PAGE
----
Recently, we successfully finished a web app project that had many specialties we never had before. Major issues were very tight budget and time constraints (about 3 months) including an absolutely unpostponable deadline. However, the bigger concern for us was the diversity of our customer. Although we had one or two main reference persons, for the project to be successful we depended on the collaboration of a total of 8 departments.
As a first step to meet those challenges we decided on one-week iteration cycles – the shortest ever for us. At the kick-off meeting, where delegates of all departments were assembled, we presented our strategy and tried to make clear that communication and collaboration would be essential for the project to succeed. We also invited everyone to come to iteration meetings even when the agenda is not exactly about their specific requirements. After the meeting we hoped for the best.
With (almost) all departments it went like this: We did one requirements gathering appointment with one or two delegates and they either showed up once or twice on following meetings or they approved our implementation based on emailed screen shots. With most departments, email response time was good, with some, well, let’s just say holiday season didn’t really help. But altogether it was sufficient to keep the project well on track.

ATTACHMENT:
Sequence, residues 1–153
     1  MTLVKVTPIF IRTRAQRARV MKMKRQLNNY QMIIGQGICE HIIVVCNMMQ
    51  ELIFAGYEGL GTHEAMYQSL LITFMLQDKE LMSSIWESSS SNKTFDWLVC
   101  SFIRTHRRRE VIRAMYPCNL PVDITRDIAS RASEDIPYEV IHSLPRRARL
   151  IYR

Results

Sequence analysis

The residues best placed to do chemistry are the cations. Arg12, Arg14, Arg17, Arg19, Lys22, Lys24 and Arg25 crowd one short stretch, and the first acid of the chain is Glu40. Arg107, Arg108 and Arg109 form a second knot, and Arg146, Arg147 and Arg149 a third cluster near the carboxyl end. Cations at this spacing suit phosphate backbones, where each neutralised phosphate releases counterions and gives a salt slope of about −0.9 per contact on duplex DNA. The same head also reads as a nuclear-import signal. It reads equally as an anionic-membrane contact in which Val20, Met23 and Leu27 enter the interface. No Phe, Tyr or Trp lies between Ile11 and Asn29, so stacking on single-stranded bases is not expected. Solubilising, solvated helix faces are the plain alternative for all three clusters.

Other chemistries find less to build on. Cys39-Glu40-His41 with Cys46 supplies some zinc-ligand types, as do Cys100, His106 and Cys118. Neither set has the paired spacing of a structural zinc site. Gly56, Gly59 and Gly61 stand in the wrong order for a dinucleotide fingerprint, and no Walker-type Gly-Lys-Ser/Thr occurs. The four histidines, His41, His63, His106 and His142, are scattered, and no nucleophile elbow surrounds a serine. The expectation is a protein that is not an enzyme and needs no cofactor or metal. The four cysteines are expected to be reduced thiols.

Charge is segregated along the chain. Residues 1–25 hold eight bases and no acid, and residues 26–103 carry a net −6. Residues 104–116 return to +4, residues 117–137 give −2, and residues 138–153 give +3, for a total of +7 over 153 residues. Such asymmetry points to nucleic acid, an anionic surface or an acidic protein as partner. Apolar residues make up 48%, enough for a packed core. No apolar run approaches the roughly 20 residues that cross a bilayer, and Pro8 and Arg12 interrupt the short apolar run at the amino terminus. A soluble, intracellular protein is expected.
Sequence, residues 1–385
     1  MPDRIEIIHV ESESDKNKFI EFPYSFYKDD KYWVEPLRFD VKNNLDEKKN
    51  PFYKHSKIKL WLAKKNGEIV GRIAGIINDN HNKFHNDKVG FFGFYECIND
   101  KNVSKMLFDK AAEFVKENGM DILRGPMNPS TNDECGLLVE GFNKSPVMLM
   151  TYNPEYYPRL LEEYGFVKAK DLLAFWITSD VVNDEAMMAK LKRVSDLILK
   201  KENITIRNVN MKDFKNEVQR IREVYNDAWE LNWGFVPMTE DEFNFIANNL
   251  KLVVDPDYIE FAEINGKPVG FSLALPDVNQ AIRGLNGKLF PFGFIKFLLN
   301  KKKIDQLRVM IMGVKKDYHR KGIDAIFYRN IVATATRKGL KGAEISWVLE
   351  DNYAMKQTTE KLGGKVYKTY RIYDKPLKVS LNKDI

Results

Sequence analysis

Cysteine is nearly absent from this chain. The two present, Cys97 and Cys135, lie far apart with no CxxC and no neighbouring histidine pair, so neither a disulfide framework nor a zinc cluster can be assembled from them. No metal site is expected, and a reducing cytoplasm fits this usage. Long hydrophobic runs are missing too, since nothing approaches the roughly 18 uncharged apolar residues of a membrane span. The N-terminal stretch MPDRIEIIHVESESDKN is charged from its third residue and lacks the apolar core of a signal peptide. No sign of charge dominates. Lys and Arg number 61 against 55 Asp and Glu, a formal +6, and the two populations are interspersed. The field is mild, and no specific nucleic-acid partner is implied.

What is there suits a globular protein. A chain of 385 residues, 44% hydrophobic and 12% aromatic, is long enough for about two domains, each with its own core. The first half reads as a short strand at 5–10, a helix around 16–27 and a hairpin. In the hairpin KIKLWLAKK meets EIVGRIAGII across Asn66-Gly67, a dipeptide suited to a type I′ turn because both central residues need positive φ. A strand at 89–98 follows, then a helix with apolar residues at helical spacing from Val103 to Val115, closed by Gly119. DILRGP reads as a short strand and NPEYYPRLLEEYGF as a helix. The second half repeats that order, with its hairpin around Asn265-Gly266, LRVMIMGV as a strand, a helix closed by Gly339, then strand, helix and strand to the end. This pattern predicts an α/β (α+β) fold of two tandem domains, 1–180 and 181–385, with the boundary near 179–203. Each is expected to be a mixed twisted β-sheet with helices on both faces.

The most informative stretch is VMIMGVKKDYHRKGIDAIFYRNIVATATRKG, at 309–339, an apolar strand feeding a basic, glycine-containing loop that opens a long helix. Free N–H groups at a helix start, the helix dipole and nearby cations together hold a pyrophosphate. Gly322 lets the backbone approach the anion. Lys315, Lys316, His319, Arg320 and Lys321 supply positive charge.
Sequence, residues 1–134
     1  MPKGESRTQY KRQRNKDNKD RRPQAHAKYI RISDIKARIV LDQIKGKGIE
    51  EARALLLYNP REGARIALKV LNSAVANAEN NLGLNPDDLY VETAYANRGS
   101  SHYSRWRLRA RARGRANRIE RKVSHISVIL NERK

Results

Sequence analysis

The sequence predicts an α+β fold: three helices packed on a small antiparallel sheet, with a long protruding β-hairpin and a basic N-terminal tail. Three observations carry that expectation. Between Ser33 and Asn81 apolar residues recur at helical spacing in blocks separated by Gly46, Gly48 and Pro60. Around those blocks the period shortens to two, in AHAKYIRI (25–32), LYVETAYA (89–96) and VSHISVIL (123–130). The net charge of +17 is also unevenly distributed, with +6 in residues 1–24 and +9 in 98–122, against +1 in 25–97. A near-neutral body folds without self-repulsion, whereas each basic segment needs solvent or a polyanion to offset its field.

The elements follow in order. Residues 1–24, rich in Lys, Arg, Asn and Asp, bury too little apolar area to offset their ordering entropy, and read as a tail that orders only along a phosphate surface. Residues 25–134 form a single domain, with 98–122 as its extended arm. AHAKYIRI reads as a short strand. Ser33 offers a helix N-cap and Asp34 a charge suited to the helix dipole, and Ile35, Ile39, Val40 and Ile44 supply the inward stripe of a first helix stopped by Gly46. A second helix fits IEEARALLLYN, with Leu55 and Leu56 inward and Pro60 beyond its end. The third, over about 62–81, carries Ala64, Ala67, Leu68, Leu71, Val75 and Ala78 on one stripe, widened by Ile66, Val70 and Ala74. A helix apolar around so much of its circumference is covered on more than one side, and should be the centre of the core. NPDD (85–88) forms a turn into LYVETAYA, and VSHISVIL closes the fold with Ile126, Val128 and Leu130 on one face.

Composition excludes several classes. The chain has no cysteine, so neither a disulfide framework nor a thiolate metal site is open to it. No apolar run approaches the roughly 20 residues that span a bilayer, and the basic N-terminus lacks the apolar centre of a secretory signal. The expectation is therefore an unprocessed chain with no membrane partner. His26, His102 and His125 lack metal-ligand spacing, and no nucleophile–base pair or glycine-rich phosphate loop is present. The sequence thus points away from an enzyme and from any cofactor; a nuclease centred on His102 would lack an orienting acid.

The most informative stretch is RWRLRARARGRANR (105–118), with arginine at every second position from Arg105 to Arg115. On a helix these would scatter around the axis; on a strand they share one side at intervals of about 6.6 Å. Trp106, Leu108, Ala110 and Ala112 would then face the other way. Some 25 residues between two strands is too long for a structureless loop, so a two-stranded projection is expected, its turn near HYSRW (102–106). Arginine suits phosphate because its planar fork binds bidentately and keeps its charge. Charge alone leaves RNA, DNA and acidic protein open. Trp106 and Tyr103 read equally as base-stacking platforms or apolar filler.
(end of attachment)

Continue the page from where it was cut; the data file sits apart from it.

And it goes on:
But wait! Did I say all departments? Not exactly! One single department actually managed it to sent at least one delegate to every single iteration meeting. And they not only enjoyed coffee and cookies but contributed a great deal every time. This was very helpful for us especially because after every iteration, we were a little bit more confident that we were still on the right track. Towards the end of the project, when success was foreseeable, we had the idea that their outstanding performance had to be rewarded somehow. So at the last iteration meeting, again with people from every department, we presented them with the Continuous Collaboration Award. They were very delighted and for the others it was a good laugh. And with the help of a little champagne and some snacks it became a very nice last iteration meeting.
As many of you know, good understanding between customer and developer can never be taken for granted. This is why agile methods always put great emphasis on extensive customer communication. A-Story-of-Project-Failure-Mitch-Lacey shows that even agile-by-the-book projects can fail basically due to lack of understanding on customer side. So do it like us and, if they deserve it, show your appreciation to your customer once in a while in a more creative way. And if you use a cup, make sure that there is also champagne around to fill it.